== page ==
According to Brent, his parents didn't fight.

Their tight, well-oiled marriage cranked, summer and winter,

Like a combine that wouldn't stop for dinner.


Watching this endure-to-the-end marathon,

Brent expected something similar,

A challenging race

But over fields somewhat dear and familiar.


So, as a young bull, through the campus halls

Brent chased Nancy.

He braced his horns around her fancy waist

Sometime after psychology and before history.


In the beginning, marriage warmed the couple

Enough to produce six, healthy children,

Good kids all who gave their parents ten or twelve things to brag about.


In public, at least, they didn't fight,

But their well-acted charade was never bright.

And every year their phony performance cost more to produce.


As their levels of pain increased,

The caustic acids of anger and disappointment released

Bile which dissolved their willingness to forgive.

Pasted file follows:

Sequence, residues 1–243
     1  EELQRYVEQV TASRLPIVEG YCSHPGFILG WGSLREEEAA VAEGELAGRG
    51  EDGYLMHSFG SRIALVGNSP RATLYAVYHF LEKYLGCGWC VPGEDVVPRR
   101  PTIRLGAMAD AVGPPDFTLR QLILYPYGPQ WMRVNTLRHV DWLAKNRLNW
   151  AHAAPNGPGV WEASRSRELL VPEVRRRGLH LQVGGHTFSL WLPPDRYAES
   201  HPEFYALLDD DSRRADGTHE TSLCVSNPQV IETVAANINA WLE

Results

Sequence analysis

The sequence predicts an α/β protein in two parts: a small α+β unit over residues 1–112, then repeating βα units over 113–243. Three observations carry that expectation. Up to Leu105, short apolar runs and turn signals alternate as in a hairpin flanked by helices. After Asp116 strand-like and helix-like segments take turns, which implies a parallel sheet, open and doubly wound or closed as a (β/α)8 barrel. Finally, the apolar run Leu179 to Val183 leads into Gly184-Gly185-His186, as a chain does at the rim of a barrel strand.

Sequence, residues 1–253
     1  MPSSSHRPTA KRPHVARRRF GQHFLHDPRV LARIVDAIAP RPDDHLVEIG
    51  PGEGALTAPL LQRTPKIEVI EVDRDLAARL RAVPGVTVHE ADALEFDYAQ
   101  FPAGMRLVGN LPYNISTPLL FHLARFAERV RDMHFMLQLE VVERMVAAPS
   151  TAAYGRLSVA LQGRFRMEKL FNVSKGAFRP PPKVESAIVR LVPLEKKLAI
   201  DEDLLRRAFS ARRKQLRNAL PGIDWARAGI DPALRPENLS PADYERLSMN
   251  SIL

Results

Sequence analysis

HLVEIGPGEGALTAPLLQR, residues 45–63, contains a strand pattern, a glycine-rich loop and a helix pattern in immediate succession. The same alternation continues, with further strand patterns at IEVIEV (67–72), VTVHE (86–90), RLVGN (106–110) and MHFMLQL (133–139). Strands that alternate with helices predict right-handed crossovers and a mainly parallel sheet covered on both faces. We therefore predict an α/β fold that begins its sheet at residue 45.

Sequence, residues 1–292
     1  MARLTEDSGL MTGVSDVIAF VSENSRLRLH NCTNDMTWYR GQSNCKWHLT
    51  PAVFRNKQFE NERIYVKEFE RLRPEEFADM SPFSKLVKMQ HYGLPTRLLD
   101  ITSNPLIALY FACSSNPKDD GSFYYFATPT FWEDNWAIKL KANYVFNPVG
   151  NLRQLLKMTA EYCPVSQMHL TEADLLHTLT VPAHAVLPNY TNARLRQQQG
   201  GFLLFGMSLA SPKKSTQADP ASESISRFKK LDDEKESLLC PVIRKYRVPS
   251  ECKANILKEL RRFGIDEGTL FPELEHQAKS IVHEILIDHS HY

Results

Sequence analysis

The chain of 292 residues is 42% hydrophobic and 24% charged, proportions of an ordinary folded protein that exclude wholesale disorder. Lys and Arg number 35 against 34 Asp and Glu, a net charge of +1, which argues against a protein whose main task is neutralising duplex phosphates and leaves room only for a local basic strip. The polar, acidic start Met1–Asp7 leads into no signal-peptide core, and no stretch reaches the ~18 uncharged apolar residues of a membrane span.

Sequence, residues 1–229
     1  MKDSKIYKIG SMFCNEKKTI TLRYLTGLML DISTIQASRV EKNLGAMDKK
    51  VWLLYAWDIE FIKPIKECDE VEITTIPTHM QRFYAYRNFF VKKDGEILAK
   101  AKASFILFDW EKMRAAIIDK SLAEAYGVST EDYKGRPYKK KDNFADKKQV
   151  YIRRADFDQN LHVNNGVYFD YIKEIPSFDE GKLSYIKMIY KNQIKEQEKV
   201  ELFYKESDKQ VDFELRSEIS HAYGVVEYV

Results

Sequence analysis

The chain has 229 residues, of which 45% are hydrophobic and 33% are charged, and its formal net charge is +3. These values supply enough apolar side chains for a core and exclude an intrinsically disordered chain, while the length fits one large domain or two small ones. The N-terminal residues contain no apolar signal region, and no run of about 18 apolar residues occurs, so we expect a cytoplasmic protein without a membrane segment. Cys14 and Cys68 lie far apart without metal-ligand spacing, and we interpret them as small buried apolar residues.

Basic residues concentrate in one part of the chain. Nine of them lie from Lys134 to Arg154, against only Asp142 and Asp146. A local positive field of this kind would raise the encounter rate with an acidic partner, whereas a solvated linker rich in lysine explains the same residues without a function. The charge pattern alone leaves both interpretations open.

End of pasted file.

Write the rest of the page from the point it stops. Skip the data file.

Although deep-core needs were never met,

Yet the strangers set a course which partly worked.

They kept their jobs, self-esteem, and children's love.


But now their pain-producing marriage has eroded into:

separate bedrooms,

separate check books,

separate joys,

separate goals.


So why do they stay together?

Why don't they make that final separation, once and for all?

Because their religion teaches it is not right.

So they endure wretched lives of loneliness and emotional fatigue,

Wincing under the increasingly heavy blows of marriage.


Allen Hackworth 2000